FLINT TWP. — Accountants from Plante-Moran gave the township an unmodified opinion, the highest level of assurance possible, for its annual audit, ending December 31,2017.
Auditors Pamela Hill, Chrystal Simpson and Chris Gilbert presented highlights to the township board covering revenue and expenditures, health care and pension costs and legislative changes that impact the way the records are kept.
Hill said the auditing team spent 375 hours going through the township’s books which were found to be in order. She credited township controller Beth Takacs for her efficient record keeping.
Having separate pension systems for the fire and police departments makes the audit process a bit more complicated, Hill said.
Only one deficiency needed correction the overall audit, she said. That was due to an “unusual and infrequent transaction” last year when the township acquired tax-reverted properties to be held for resale. The township finance department did the appropriate research including consulting Plante-Moran for guidance.
“However, given the difficulty in accounting for the item, ultimately audit adjustments were proposed,” according to the Plante-Moran final report to the township board. The proposed adjustment was approximately $1.4 million to land held for resale and $960,000 for capital assets to properly record the land held and the capital assets. Auditors recommended following similar steps in the future then performing a final independent review to ensure than any unusual transactions are handled properly in the general ledger.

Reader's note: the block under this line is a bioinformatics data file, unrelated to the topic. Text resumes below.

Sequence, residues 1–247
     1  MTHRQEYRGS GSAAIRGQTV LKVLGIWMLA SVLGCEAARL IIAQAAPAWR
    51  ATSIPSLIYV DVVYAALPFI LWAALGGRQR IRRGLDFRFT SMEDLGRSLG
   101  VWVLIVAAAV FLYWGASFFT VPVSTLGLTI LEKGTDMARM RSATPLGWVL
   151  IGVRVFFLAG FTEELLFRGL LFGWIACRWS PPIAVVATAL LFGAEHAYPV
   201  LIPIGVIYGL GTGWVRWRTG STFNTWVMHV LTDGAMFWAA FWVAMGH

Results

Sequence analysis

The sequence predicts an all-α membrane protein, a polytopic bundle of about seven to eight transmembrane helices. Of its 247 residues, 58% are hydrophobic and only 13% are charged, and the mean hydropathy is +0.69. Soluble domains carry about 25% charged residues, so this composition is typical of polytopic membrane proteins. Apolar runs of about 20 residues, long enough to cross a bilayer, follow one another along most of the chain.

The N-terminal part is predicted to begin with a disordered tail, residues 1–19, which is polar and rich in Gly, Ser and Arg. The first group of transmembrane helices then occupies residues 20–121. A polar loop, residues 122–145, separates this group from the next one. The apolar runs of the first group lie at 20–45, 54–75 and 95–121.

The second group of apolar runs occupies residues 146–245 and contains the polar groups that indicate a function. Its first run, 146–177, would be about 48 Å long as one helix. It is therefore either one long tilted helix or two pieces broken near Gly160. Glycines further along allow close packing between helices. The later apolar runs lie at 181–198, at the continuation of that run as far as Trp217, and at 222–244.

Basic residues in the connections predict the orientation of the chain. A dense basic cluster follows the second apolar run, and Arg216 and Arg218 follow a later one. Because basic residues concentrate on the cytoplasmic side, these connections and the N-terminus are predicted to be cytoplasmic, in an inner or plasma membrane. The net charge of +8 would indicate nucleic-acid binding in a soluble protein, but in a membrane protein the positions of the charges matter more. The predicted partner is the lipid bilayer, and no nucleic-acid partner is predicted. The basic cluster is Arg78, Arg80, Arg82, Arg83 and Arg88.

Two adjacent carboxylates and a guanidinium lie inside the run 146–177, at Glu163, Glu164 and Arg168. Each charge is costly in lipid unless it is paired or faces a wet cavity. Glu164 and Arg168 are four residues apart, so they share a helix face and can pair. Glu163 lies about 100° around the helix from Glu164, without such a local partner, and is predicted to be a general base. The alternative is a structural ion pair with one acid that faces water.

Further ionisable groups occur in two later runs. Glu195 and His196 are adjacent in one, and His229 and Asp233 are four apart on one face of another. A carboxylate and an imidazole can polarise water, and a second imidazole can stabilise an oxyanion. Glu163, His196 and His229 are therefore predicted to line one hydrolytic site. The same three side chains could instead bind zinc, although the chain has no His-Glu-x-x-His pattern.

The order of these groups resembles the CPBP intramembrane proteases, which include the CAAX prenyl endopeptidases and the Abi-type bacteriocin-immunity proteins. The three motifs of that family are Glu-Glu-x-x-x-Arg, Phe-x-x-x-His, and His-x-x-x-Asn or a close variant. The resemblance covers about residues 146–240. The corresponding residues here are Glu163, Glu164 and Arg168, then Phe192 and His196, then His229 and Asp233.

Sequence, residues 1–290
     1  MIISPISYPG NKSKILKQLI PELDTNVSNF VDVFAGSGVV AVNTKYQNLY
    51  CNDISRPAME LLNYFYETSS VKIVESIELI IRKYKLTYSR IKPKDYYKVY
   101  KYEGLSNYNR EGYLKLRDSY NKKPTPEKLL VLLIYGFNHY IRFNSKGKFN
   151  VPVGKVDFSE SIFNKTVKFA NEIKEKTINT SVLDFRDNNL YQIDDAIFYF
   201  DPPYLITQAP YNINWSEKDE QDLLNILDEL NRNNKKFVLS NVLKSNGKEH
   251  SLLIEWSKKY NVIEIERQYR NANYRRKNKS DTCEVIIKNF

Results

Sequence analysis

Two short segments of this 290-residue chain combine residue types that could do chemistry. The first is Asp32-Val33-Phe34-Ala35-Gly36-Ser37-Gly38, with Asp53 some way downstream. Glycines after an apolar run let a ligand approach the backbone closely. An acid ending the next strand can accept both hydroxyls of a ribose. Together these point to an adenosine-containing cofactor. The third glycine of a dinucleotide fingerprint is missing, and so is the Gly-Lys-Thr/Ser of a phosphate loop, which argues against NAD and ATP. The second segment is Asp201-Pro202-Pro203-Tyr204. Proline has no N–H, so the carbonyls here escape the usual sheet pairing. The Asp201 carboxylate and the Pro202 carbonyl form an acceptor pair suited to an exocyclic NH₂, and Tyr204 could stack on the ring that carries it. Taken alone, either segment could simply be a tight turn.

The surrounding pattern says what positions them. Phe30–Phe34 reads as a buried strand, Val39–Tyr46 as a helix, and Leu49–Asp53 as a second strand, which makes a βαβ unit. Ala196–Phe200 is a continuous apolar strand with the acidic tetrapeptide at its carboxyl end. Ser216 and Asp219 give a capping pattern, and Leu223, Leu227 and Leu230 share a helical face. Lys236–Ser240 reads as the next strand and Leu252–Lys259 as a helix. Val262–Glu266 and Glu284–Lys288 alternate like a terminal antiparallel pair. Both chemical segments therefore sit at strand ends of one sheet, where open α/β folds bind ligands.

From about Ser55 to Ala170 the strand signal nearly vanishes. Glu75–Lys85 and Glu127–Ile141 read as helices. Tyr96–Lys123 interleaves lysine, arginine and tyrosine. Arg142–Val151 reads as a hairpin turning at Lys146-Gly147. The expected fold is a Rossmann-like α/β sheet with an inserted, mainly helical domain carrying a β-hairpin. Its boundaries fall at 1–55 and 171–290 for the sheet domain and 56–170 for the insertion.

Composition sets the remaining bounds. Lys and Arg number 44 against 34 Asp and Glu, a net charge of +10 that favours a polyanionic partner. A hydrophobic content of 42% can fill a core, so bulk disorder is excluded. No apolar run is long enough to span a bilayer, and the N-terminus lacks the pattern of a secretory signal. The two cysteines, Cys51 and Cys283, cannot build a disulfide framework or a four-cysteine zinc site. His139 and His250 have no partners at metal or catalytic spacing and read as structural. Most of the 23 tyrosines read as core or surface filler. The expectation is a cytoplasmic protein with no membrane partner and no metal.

Gilbert presented highlights of township revenues and expenditures. The general fund is in “good health” he said, while explaining a graphic showing a consistent rise from 2014 when revenues were $10,24 million to 2017 when it was reported at $10,388 million.
Property taxes are the biggest revenue source – about 36 percent followed by state and federal resources at 30 percent. Special assessments account for about 15 percent, interest and other sources for 7 percent and fines, fees and licenses for about 5 percent. Gilbert noted that the township only retains about 16 percent of taxes collected with the bulk of it going to the county, local schools and other taxing authorities.
Simpson covered the public safety millage fund balance and the sewer fund reserves.
She also talked about legacy costs which she said is a hot topic at the state level.
The township has an Aa2 which is considered strong. But more attention will be needed for health care and pension funding levels which will require more detailed reporting in the future to comply with changes in state accounting standards.
The township is also looking at ways to manage or reduce future health care costs for its retirees.